Class Notes

Before I post today’s Class Notes I thought I should give some quick credentials as to why I am teaching a Middle East class.  For my Ph.D. program I needed to choose an outside field to study.  I am an American Historian but I started my program in 2002, right after 9/11.  I realized that the Middle East would become an important and vital part of America’s future and so I decided to focus on that area of the World.  So American History is my major field and Middle East is my outside field of study.  I do not consider myself an expert in the Middle East like I do with American History, but I do have a good deal of knowledge and have read and studied the region a quite a bit.  I studied under excellent professors, who I still have contact with today and who are always prepared to answer my questions when I am stumped.  American History is my love, but I do greatly enjoy studying the Middle East and have come to appreciate the region.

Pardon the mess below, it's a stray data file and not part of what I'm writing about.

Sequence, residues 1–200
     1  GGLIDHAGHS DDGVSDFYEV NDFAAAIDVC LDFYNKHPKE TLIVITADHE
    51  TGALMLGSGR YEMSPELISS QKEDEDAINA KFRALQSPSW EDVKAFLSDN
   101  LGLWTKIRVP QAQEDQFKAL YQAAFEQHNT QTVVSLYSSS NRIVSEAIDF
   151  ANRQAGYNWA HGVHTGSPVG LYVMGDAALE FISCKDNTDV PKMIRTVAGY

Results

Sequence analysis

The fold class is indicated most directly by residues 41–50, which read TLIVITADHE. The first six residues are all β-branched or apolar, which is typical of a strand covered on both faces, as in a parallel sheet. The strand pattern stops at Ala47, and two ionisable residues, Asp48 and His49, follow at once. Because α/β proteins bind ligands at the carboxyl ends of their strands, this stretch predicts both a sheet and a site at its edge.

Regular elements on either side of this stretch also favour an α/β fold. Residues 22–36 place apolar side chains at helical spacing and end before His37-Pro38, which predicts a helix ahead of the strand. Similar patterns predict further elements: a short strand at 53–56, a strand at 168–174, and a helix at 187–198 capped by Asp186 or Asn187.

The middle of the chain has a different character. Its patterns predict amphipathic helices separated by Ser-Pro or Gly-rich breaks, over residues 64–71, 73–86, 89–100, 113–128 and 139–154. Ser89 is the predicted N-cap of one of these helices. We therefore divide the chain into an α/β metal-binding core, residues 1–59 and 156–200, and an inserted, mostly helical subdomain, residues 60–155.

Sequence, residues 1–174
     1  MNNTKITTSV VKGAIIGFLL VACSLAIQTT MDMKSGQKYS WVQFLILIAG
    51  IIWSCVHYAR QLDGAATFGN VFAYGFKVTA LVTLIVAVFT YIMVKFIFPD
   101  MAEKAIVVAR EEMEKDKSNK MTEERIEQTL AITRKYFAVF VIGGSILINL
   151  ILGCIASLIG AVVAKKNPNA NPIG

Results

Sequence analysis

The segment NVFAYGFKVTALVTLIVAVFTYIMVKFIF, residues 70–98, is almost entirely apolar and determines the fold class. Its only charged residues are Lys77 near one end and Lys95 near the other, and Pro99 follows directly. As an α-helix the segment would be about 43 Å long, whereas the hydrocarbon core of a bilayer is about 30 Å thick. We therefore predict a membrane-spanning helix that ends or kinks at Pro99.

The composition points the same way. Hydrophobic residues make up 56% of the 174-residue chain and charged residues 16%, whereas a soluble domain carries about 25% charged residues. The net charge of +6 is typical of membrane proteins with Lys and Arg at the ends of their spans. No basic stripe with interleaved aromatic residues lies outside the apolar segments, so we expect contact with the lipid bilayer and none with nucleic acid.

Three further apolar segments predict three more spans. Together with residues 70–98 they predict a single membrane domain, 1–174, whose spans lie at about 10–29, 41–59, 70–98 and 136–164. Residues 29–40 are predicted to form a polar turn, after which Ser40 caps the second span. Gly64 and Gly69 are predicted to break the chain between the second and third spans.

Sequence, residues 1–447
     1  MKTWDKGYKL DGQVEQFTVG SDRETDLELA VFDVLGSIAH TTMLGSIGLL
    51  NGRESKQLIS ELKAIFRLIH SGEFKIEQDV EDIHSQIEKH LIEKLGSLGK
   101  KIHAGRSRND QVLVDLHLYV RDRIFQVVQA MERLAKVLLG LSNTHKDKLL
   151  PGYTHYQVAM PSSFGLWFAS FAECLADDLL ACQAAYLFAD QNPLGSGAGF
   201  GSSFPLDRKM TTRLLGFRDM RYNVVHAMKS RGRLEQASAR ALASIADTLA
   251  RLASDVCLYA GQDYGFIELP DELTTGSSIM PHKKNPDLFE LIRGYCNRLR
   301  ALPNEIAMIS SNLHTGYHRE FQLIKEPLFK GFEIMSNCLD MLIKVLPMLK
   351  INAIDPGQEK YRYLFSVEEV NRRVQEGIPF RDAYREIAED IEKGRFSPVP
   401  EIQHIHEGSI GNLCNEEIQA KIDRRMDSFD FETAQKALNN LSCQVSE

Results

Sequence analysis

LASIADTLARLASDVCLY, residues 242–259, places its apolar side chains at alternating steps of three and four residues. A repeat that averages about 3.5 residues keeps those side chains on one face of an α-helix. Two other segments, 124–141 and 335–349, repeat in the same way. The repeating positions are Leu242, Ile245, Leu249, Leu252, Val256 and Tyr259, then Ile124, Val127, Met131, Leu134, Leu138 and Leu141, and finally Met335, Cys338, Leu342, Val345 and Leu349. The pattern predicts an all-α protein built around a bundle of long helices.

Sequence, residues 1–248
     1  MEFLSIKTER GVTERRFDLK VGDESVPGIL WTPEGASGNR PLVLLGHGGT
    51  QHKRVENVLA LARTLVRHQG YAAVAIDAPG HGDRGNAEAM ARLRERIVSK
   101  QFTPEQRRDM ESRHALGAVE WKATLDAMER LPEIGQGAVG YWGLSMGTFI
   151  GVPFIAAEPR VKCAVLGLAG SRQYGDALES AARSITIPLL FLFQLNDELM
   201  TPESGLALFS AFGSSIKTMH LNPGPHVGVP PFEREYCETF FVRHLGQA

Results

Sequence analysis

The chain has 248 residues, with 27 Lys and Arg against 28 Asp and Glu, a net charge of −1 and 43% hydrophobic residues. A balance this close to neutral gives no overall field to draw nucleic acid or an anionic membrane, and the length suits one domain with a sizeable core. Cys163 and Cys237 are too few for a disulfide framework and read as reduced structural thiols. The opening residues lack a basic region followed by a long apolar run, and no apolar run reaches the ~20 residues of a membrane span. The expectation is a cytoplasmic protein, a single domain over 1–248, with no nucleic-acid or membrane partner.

Having said all that, one way to look at future conflicts with the Middle East and other regions is as a Clash of Cultures.  Professor Samuel Huntington made the argument that future conflicts will not be between nations or ideologies, like communism and capitalism, but between cultures that are so different they are bound to clash.  He saw eight major civilizations, Western, Confucian, Japanese, Islamic, Hindu, Slavic-Orthodox, Latin American, and African.

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